At the same time, the EU faces the same dilemma. In order to achieve an effective substitute for Russian oil and gas imports, additional imports from Qatar and the United States are bound to be added. However, neither Qatar nor the United States has established a large-scale and stable oil and gas transmission infrastructure with Europe. Although the United States and Europe reached a 15 billion cubic meter liquefied natural gas transmission agreement not long ago, the United States cannot alleviate the problem of oil and gas shortage in Europe in the short term due to insufficient infrastructure and limited capacity. At present, the liquefied natural gas (LNG) transportation system in the United States is already operating at full capacity, and LNG ships are in short supply and insufficient capacity. Since the shipbuilding industry in Europe and the United States is in a long-term recession, it is difficult to significantly increase the production capacity of LNG ships in the short term.
At the same time, the construction of oil and gas market infrastructure also faces other constraints. As the global low-carbon energy transition and the promotion of non-fossil energy development have gradually become a global consensus, in recent years, the global oil and gas upstream capital expenditure has shown a downward trend as a whole, and the global oil and gas industry investment in 2021 will only be 70% of that before the outbreak. Due to the stagnation of investment in the oil and gas industry, the construction of supporting infrastructure is insufficient, and it is difficult to rapidly increase the supply capacity in the short term. In addition, due to the impact of the epidemic, problems such as labor shortages and insufficient available equipment in the oil and gas industry have become more prominent. Even if the capital market increases investment in the oil and gas industry driven by high oil and gas prices, the large-scale transportation infrastructure construction required for market switching is still difficult and required. longer time.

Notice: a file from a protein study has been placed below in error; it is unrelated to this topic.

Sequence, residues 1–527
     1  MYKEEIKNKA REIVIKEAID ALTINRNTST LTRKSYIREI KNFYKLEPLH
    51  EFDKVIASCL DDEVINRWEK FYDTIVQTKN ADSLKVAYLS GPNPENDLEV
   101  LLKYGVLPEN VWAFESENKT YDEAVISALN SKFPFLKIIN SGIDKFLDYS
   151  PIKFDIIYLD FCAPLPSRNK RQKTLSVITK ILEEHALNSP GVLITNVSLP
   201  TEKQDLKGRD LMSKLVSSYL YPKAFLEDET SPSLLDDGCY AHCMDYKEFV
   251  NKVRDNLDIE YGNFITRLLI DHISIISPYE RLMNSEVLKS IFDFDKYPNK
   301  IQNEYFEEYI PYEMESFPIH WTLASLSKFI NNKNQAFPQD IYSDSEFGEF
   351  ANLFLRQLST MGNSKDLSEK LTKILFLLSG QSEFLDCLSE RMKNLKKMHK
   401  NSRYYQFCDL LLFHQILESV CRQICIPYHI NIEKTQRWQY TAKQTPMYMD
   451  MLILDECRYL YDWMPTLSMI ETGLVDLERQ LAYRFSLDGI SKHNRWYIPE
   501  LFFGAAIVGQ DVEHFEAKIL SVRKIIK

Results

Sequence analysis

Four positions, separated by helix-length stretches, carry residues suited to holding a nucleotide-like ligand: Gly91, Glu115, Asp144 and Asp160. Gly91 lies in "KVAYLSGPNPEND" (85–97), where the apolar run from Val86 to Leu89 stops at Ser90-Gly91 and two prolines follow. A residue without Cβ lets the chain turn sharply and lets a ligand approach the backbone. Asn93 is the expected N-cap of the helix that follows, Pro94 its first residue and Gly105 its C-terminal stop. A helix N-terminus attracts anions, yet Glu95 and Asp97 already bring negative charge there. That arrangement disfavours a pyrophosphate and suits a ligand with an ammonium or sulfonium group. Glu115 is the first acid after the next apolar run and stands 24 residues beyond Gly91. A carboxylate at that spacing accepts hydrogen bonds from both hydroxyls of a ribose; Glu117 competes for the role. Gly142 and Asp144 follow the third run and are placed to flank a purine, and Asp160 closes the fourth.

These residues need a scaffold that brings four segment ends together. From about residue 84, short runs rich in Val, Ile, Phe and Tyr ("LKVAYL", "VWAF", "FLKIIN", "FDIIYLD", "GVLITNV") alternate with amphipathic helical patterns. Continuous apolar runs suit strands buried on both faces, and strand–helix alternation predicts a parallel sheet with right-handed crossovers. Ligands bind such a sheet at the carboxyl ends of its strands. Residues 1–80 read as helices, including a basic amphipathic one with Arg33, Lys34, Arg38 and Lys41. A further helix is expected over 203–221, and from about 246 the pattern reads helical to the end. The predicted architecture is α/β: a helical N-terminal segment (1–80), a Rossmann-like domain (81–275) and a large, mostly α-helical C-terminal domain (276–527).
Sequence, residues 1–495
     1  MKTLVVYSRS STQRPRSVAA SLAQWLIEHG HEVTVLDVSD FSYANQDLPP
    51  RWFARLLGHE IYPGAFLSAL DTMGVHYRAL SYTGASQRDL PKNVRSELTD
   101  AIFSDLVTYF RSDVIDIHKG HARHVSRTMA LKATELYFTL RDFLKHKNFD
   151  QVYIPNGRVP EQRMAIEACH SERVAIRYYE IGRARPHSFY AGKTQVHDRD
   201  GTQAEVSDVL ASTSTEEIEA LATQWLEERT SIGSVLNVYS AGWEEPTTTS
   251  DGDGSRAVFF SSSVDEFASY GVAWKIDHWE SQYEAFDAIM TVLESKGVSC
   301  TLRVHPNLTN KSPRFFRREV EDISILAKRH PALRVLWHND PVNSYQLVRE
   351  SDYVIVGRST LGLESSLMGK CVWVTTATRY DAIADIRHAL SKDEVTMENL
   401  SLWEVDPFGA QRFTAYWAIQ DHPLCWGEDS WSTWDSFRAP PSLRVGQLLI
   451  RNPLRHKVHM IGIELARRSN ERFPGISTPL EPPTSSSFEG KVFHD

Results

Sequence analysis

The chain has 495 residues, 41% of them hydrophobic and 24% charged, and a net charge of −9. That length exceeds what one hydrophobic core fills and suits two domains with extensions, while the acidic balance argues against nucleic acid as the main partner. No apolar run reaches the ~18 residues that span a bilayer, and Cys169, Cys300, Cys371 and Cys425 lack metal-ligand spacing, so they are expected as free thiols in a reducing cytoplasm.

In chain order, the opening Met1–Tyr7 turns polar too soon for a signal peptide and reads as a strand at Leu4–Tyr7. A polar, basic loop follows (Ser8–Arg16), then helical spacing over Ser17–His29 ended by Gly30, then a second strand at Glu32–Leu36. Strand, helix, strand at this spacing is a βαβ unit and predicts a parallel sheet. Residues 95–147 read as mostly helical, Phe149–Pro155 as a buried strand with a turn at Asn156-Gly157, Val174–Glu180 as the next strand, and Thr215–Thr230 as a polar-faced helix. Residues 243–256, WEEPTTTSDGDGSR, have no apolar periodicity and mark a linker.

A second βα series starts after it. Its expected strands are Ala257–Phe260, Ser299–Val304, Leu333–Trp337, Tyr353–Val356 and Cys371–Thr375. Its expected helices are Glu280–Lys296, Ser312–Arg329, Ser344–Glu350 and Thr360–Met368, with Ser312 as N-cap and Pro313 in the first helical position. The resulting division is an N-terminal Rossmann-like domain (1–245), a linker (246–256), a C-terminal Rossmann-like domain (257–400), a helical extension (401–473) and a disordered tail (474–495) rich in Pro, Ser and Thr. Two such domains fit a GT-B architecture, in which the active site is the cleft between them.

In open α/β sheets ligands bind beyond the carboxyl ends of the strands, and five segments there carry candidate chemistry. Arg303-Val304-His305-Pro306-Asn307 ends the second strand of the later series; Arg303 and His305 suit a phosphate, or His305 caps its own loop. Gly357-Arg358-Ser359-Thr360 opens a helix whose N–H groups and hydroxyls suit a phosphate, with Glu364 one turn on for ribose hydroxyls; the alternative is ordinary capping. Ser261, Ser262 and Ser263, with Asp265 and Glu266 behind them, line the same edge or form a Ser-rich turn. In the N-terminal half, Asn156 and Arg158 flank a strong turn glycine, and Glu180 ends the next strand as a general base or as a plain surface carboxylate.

On the other hand, the EU’s new energy transition process cannot be accomplished overnight. In March this year, the European Union outlined an ambitious low-carbon energy transition path in a new plan, the core of which is to increase the proportion of renewable energy from the current 22% to 2030 by increasing investment in clean energy and nuclear energy. 45% of the total, its installed wind, and photovoltaic capacity will double by 2025 and triple by 2030, and it is expected to replace 170 billion cubic meters of natural gas demand. Therefore, promoting the replacement of fossil energy with clean energy cannot be completed in the short term.
In short, the conflict between Russia and Ukraine has led to changes in the international oil and gas supply and demand pattern and market switching, which will have a huge impact on the global oil and gas supply chain. In the next few years, imperfect infrastructure construction will become an important constraint on oil and gas trade, leading to sluggish transactions and higher transaction costs in the oil and gas market. Given the mismatch between oil and gas supply and demand and the lack of infrastructure, international energy prices are likely to remain high for years to come. China’s energy supply is dominated by coal, and oil and gas account for less than 30% of energy consumption. The impact of high oil and gas prices caused by the oil and gas market switching on China’s inflation and economic performance is relatively controllable.